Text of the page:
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Can food festivals improve wellbeing in the UK?

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By Laura Nelson, PhD researcher, Faculty of Business, Law and Tourism

The desire to travel and taste unique and authentic dishes is becoming an increasingly motivating factor in our travel choices and gastronomy is receiving increasing attention from researchers, event organisers and tourists themselves.

In particular, food festivals have become increasingly popular across the UK with visitors not only wanting to consume local foods, but contribute to the process of creating them, thus in turn emphasising a unique identity and place where authentic food can be found only in local markets and restaurants.

Fresh, healthy foods

An increase in demand for local foods is evident in the way they are linked to different ideals, such as improving the environment and supporting the local economy. This in turn provides a ‘feel-good’ factor associated with consuming them.

People are also associating wellbeing with food consumption, with our choice of nutrition contributing to our physical, mental and social health. More recently there have been moves to use theories drawn from positive psychology such as happiness and wellbeing as a lens to examine events in terms of their potential contribution to ‘a good life’.

Fresh, healthy fruit and herbs

As people are becoming increasingly aware of fast food horrors and the importance of healthy eating, event organisers are beginning to identify a gap in the market and linking food and wellbeing together, for example the Wellbeing and Super Food Festival in Taunton which offers:

  • Holistic chef demonstrations
  • Superfoods and healthy healing foods
  • Free from foods
  • Plants, herbs and flowers
  • Organic, vegan and vegetarian foodie stalls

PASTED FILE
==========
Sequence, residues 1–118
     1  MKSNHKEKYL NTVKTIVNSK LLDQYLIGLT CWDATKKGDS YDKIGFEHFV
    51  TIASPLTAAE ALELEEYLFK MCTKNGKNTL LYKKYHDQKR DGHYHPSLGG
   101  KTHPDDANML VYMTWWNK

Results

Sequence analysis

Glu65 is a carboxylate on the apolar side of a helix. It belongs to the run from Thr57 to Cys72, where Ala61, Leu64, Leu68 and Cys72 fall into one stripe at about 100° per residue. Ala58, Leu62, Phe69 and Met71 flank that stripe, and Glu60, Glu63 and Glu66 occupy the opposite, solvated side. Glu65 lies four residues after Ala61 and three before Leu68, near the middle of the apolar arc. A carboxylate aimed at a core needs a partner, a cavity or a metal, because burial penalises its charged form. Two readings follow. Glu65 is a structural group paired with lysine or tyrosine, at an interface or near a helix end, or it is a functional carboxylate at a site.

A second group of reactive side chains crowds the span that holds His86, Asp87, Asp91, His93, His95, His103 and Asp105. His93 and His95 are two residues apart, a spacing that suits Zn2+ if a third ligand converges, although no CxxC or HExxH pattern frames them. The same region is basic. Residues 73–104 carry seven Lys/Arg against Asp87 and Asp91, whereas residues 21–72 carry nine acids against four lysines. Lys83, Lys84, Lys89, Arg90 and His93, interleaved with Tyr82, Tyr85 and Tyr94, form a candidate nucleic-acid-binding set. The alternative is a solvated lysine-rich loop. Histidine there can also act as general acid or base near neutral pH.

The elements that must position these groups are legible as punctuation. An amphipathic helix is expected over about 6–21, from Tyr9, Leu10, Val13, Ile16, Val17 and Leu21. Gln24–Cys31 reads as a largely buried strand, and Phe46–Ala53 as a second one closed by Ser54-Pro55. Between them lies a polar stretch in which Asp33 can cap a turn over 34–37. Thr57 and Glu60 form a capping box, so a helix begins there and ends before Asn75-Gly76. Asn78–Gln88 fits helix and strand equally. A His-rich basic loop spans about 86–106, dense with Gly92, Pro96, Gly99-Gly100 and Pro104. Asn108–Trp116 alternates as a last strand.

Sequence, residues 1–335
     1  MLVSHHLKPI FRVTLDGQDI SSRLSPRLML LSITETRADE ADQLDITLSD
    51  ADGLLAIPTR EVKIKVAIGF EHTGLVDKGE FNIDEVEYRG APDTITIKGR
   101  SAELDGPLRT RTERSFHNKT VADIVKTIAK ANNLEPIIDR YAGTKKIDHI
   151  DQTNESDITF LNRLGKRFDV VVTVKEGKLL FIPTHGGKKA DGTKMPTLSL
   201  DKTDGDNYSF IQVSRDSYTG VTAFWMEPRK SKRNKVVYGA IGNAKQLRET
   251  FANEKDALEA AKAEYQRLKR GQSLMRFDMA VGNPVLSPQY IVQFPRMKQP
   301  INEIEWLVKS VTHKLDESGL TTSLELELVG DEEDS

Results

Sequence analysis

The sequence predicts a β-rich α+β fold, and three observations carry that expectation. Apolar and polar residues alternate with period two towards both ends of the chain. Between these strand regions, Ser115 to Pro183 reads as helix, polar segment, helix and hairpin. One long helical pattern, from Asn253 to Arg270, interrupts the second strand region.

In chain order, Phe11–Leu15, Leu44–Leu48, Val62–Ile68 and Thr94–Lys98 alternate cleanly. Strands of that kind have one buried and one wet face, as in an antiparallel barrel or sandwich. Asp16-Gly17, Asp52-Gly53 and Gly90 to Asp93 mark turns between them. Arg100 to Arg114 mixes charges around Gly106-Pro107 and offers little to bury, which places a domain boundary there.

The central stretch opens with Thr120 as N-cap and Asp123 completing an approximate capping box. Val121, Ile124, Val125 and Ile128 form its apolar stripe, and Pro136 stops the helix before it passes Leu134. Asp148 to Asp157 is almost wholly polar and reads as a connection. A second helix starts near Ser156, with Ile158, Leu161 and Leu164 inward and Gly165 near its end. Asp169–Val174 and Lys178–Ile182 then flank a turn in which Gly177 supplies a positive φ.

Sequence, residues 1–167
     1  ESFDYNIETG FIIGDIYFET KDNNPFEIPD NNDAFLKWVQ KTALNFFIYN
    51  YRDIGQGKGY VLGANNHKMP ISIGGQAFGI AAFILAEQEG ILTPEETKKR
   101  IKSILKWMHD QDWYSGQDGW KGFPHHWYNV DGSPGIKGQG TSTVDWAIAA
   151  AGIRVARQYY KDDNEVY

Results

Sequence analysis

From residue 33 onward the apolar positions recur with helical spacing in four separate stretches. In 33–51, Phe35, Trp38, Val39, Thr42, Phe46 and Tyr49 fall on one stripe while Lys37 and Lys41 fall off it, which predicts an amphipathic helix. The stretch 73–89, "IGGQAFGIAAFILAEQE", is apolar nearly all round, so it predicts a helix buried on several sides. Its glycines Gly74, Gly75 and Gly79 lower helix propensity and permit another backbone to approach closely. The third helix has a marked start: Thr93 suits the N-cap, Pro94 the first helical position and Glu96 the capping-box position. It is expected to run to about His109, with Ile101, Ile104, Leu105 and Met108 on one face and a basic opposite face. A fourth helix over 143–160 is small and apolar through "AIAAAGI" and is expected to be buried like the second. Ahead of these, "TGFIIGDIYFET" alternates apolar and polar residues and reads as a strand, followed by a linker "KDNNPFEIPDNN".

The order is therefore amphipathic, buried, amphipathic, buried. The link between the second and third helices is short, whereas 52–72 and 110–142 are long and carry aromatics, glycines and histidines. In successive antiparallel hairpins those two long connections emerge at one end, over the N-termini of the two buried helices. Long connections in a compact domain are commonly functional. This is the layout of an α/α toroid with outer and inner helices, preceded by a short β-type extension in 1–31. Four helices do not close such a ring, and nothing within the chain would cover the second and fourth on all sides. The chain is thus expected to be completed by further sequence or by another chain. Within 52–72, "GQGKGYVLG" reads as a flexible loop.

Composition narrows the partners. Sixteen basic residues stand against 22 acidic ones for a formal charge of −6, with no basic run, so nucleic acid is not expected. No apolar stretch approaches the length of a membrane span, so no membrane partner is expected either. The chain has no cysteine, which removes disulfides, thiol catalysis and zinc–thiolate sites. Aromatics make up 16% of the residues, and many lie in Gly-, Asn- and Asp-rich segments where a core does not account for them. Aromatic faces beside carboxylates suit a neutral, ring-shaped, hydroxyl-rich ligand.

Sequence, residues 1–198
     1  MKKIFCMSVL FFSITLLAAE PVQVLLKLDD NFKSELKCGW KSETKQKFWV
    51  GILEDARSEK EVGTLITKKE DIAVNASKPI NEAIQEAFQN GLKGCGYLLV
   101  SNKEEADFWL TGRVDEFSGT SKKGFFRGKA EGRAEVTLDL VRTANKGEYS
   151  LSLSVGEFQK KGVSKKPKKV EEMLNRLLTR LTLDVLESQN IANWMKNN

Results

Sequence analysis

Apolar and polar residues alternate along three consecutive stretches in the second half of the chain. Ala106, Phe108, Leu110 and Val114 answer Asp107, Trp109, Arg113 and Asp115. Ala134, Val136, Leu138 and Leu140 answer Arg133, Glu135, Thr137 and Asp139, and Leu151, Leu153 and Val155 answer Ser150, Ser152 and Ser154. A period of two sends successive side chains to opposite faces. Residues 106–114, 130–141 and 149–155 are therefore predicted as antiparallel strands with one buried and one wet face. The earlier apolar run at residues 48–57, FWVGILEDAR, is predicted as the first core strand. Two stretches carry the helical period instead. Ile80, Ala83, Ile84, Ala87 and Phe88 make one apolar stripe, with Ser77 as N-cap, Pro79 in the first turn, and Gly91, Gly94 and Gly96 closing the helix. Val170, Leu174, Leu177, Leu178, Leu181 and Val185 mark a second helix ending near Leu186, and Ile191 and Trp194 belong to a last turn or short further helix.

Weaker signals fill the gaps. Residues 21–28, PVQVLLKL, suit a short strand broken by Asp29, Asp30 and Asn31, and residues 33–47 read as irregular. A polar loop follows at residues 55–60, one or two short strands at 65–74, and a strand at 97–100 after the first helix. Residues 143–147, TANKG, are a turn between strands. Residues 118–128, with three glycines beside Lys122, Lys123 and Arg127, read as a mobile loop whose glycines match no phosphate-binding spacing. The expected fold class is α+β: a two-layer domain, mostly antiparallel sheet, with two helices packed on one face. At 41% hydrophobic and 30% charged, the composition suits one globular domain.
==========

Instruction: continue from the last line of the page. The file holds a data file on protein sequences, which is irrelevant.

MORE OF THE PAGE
• Healthy living products
  • Wellbeing coaches, yoga and pilates
  • Fitness trainers and boot camp fun
  • Outdoor fun and activities for everyone
  • Eco and green living solutions and advice
  • Professional health and nutrition consultations
  • Vegan and organic beauty products
  • Mindfulness, relaxation and meditation
  • Engaging with creativity
  • Complementary therapies including massage
  • Enchanted woodland adventure with storytelling and crafts for children

Personal wellbeing is dependent on food consumption, and therefore further research into the relationship between food festivals and their influence on visitor wellbeing in the UK would be highly beneficial to event success, sustainability and economic return. In addition, this could also act as a catalytic influence and considerable turning point for anorexia and obesity challenges, mental health and life satisfaction challenges in the UK today.

Laura is a PhD researcher in the Department of Tourism, Hospitality and Events at the University of Sunderland. Learn more about her work on ResearchGate or read more about studying Tourism, Hospitality and Events at the University of Sunderland.

Published: 23 November 2018